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NASA lifts the lid on Martian dust storms


There is a pattern to dust storms on Mars and they can affect the entire planet. Bill Condie reports.


Comparison images of Mars taken in 2001 by the Hubble Space Telescope show the planet, left, a global dust storm engulfed it, right. NASA has now demonstrated that such storms covering the whole surface are relatively rare.
NASA/Getty Images

NASA, using orbiter data over six Martian years, has revealed a pattern of three types of large regional dust storms on the Red Planet.

These occur in sequence at about the same times each year (about two Earth years) during the southern hemisphere spring and summer.

Most Martian dust storms are smaller than about 2,000 kilometres across and dissipate within a few days.

Some become regional, affecting up to a third of the planet and persist for up to three weeks.

A few encircle Mars, covering the southern hemisphere but not the whole planet.

Only twice since 1997 have dust storms fully enshrouded Mars.

A graphic presenting Martian atmospheric temperature data as curtains over an image of Mars taken during a regional dust storm. The temperature profiles extend from the surface to about 80 kilometres up. Temperatures are colour coded, from -142 °C (dark blue) -23 °C.
NASA/JPL-Caltech/MSSS

Scientists determined the pattern of the storms using temperature data, rather than visible dust. It is an accurate indicator, even when dust levels are low.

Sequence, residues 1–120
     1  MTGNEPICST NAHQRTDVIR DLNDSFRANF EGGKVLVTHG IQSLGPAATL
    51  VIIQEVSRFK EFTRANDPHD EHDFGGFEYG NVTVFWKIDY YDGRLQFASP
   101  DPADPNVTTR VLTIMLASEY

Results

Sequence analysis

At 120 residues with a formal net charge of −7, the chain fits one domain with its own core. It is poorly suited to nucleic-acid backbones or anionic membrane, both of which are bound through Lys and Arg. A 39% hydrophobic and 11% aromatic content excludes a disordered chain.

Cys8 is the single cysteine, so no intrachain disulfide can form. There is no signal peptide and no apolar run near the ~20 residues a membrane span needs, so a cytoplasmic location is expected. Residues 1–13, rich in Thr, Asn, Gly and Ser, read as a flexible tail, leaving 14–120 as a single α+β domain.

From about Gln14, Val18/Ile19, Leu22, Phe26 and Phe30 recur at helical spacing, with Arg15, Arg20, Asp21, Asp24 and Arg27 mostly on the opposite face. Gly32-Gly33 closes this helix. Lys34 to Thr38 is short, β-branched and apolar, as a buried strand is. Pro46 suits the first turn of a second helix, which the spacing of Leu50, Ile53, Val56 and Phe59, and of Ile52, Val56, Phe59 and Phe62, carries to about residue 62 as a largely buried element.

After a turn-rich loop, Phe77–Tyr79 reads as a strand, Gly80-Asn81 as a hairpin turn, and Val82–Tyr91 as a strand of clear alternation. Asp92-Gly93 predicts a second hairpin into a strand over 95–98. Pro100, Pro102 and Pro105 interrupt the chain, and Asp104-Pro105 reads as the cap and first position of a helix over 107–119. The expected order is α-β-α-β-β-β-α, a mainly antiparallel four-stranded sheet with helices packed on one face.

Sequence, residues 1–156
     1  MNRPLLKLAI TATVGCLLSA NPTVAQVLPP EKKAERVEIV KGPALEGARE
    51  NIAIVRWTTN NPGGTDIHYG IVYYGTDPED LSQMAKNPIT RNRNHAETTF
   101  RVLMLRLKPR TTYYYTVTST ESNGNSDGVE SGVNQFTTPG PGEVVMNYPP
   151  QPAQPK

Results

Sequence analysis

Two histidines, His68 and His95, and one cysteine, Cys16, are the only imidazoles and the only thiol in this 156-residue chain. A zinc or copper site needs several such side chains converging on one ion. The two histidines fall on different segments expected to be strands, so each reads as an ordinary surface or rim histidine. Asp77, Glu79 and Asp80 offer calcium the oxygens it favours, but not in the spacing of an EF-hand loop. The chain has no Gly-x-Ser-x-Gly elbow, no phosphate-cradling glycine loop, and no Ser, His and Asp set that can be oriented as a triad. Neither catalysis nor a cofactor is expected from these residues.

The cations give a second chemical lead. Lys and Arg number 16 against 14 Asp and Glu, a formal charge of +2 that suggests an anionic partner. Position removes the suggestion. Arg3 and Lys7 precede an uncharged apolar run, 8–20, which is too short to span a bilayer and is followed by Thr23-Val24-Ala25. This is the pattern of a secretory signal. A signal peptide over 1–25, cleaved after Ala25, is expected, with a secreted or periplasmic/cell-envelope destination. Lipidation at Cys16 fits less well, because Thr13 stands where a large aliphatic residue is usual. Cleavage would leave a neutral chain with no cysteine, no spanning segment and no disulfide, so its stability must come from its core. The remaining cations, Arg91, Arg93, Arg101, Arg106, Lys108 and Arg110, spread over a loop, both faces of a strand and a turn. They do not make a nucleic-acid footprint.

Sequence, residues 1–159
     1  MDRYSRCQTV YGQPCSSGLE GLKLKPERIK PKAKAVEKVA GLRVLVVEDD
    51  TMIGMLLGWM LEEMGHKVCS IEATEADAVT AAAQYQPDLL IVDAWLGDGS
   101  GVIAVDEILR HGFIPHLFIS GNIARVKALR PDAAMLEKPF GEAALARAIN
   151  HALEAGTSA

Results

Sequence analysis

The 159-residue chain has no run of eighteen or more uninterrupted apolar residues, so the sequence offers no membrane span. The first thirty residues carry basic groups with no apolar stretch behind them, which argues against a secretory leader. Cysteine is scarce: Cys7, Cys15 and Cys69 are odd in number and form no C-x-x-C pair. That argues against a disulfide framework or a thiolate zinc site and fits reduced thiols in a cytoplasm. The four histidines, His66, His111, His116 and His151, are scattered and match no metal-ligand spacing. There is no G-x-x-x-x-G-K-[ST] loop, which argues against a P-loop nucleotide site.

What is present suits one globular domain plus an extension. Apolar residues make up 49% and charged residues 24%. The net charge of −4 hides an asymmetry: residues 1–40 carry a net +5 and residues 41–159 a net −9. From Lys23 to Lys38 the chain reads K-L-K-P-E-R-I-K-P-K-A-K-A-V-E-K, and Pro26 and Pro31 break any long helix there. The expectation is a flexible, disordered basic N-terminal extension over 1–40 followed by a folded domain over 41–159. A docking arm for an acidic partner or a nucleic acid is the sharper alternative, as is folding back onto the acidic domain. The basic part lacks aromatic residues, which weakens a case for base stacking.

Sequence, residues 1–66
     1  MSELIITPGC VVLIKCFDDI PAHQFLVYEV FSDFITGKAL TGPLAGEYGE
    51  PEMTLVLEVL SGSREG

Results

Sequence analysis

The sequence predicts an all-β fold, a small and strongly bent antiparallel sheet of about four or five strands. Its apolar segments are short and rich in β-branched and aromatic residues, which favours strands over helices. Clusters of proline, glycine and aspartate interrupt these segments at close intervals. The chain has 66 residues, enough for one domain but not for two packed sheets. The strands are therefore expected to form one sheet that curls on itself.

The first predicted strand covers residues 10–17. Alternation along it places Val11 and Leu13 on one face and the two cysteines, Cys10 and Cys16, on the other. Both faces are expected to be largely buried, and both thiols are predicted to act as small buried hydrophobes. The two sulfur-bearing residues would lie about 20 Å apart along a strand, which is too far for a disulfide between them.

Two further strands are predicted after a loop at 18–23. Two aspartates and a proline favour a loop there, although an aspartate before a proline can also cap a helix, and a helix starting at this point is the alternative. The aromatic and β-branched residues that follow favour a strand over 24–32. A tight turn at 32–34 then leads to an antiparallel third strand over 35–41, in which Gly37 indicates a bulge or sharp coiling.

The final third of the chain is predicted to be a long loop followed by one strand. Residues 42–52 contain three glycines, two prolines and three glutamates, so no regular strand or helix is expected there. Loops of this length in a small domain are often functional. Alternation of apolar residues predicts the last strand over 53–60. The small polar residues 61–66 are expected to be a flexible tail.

The dust thrown into the atmosphere absorbs sunlight and heats up. In some cases the difference in temperature between dusty and clear “air” can be dramatic – more than 35 °C.

The heating also influences global wind distribution, which can produce downward motion that warms the air outside the dust-heated regions.

In this way, temperature observations capture both direct and indirect effects of the dust storms on the atmosphere.

Martian atmospheric temperature data related to seasonal patterns in occurrence of large regional dust storms. The data shown here were collected by the Mars Climate Sounder instrument on NASA's Mars Reconnaissance Orbiter over the course of a half a Martian year, during 2012 and 2013. The colour coding indicates daytime temperatures of a layer of the atmosphere centred about 25 kilometres above ground level.
NASA/JPL-Caltech

“When we look at the temperature structure instead of the visible dust, we finally see some regularity in the large dust storms,” said David Kass of NASA's Jet Propulsion Laboratory in Pasadena, and instrument scientist for the Mars Climate Sounder on NASA's Mars Reconnaissance Orbiter.

“Recognising a pattern in the occurrence of regional dust storms is a step toward understanding the fundamental atmospheric properties controlling them,” he said.

“We still have much to learn, but this gives us a valuable opening.”

The ability to predict dust storms will also improve safety conditions for robotic or human missions to Mars.

NASA has been operating orbiters around the planet since 1997.

The Mars Climate Sounder on Mars Reconnaissance Orbiter, which reached Mars in 2006, and the Thermal Emission Spectrometer on Mars Global Surveyor, which studied Mars from 1997 to 2006, have used infrared observations to assess atmospheric temperature.

Explore #Mars #MRO
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Bill Condie is head of publishing at The Royal Institution of Australia and former publisher of Cosmos.
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